Questions

idaydream
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Post: #1
I feel sorry for always posting questions not answers.
My first question is

1. When you use xcode for OpenGL programming why do we need "carbon application" for project target and "cocoa framework" for framework (why not carbon framework?) in addition to GLUT and OpenGL framework?
(what is carbon and what is cocoa?)

http://onesadcookie.is-a-geek.net/~keith/XcodeGLUT/

2. When I do OpenGL coding one of my source file has class "Point" defined and it conflicts with class "Point" inside MacTypes.h from carbon application header. In other words, when I compile the code it says:

error: redefinition of 'class Point' --- Point.h
error: previous definition of 'class Point' --- MacTypes.h

Is there any solution to this problem except changing the name of 'class Point'?

Thanks in advance.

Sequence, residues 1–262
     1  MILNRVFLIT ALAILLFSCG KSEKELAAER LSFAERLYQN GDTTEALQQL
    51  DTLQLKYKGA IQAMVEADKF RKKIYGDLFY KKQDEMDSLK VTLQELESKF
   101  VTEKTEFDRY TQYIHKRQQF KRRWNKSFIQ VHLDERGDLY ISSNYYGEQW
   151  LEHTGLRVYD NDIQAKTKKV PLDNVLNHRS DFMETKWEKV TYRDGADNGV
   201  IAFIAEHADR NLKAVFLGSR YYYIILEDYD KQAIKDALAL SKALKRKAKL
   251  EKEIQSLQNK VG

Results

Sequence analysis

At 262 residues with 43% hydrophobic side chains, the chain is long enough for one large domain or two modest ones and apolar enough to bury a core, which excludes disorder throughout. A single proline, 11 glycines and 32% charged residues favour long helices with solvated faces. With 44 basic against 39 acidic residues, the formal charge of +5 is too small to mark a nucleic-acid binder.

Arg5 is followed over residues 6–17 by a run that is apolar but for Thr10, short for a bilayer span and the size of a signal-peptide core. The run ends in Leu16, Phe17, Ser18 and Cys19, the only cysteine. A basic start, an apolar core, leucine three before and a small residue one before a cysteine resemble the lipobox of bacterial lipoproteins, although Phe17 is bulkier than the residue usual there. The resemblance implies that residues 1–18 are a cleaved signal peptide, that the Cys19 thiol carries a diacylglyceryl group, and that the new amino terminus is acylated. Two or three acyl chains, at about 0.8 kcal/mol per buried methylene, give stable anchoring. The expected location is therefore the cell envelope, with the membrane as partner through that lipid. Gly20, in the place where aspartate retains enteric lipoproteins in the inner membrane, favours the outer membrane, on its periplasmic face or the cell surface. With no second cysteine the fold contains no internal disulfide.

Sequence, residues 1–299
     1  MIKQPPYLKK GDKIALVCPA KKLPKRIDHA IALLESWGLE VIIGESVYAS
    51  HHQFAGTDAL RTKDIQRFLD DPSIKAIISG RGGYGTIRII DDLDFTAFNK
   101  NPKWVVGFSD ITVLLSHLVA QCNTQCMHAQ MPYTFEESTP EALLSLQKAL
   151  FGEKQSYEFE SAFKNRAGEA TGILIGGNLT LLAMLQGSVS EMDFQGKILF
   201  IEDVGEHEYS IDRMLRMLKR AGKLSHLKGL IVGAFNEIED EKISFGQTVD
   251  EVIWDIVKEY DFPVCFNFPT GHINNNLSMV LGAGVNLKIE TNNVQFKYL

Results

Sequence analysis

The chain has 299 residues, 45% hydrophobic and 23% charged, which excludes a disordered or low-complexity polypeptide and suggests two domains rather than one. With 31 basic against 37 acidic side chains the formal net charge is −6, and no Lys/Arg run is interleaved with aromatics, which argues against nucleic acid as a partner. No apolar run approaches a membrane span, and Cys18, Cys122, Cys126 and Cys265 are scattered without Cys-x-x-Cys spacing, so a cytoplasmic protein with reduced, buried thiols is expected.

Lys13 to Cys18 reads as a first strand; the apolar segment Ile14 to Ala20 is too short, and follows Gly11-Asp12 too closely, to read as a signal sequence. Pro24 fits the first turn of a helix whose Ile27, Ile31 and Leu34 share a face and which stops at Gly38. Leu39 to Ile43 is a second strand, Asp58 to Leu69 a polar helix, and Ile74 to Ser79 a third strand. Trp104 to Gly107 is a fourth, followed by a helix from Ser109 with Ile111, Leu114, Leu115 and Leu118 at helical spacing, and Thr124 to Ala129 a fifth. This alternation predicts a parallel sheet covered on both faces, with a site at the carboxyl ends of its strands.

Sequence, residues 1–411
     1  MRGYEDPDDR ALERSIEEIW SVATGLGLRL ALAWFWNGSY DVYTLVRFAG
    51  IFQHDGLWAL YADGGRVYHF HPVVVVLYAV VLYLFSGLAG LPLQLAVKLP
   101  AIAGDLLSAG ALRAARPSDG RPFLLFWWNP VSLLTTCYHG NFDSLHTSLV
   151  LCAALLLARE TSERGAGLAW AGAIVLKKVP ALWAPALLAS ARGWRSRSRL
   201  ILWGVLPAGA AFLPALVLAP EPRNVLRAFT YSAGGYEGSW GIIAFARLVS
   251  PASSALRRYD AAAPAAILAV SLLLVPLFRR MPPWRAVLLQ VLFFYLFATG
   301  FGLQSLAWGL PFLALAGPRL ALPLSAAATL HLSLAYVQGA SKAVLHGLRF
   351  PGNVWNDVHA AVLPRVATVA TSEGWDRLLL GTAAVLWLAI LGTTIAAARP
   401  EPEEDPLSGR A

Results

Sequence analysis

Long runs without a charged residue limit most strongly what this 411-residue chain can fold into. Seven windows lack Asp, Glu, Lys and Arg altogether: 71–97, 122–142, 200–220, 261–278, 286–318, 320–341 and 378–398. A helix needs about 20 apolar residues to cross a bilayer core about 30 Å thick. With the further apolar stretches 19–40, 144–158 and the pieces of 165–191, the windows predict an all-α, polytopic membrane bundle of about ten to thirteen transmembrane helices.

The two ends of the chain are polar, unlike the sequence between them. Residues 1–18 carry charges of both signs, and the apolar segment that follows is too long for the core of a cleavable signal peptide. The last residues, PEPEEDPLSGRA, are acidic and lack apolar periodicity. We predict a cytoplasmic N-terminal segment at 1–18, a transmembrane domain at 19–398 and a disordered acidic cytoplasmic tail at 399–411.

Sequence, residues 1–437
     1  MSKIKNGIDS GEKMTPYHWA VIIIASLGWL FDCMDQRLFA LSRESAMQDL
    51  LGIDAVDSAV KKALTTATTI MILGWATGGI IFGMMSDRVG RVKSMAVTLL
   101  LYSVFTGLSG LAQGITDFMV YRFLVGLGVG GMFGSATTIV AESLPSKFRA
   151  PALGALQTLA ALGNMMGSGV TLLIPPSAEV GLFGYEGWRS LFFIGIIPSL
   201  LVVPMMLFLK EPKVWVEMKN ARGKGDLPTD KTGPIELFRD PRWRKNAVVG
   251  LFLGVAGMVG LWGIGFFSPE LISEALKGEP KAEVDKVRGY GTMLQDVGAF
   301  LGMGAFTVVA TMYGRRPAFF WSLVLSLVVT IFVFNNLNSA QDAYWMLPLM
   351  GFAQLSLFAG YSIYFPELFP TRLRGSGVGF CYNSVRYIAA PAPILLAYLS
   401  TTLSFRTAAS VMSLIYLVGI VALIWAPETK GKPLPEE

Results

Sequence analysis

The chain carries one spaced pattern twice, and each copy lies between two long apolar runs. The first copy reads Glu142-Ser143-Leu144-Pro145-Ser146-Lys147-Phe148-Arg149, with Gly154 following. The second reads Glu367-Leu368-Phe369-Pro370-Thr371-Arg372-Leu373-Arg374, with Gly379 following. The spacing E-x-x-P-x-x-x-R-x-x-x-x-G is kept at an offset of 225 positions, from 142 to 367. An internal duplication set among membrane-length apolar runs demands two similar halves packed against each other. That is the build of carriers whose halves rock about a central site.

idaydream
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Vertizor
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Post: #2
In OSX, what makes an application an "application" is that it's in a bundle with a signature 'APPL' that tells the OS what to do with it when the user double clicks it. Only bundles with the APPL signature will be launched as an application.

When in XCode, you select a Carbon or Cocoa Application as a template just to get you started and the dev environment set up so you can build this bundle into something that will run when the file is double clicked upon.

As for getting into OpenGL:

- GLUT is a framework that is aware of creating a window who's entire client area is an OpenGL viewport. It also provides keyboard/mouse message processing. So it's basically a RAD tool for OpenGL.

- OpenGL.framework itself, is where all the OpenGL rendering definitions are contained. This is the material the OpenGL Architecture Review Board people decree as the "OpenGL Standard." Apple basically wrapped all those standard rountines into this framework, and threw in CGL.

- CGL is a library that lets you work with either fullscreen or offscreen OGL context.

- AGL is a library that lets you work with either fullscreen or windowed OGL context.